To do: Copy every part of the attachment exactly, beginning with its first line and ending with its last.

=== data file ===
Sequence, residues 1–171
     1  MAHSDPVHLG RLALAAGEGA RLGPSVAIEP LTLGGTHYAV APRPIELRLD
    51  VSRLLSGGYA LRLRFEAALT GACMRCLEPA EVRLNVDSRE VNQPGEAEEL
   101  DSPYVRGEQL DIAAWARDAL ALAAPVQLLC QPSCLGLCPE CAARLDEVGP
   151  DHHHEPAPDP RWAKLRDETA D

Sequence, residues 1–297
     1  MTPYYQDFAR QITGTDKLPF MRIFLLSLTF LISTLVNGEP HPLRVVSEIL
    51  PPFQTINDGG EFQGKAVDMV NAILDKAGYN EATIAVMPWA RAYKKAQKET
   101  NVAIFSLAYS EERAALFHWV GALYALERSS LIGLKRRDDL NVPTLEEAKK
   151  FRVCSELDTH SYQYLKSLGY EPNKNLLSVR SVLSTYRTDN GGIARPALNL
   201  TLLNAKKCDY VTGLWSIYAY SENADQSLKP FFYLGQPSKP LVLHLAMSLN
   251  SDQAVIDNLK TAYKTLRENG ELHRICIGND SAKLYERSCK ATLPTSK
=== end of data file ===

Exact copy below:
Sequence, residues 1–171
     1  MAHSDPVHLG RLALAAGEGA RLGPSVAIEP LTLGGTHYAV APRPIELRLD
    51  VSRLLSGGYA LRLRFEAALT GACMRCLEPA EVRLNVDSRE VNQPGEAEEL
   101  DSPYVRGEQL DIAAWARDAL ALAAPVQLLC QPSCLGLCPE CAARLDEVGP
   151  DHHHEPAPDP RWAKLRDETA D

Sequence, residues 1–297
     1  MTPYYQDFAR QITGTDKLPF MRIFLLSLTF LISTLVNGEP HPLRVVSEIL
    51  PPFQTINDGG EFQGKAVDMV NAILDKAGYN EATIAVMPWA RAYKKAQKET
   101  NVAIFSLAYS EERAALFHWV GALYALERSS LIGLKRRDDL NVPTLEEAKK
   151  FRVCSELDTH SYQYLKSLGY EPNKNLLSVR SVLSTYRTDN GGIARPALNL
   201  TLLNAKKCDY VTGLWSIYAY SENADQSLKP FFYLGQPSKP LVLHLAMSLN
   251  SDQAVIDNLK TAYKTLRENG ELHRICIGND SAKLYERSCK ATLPTSK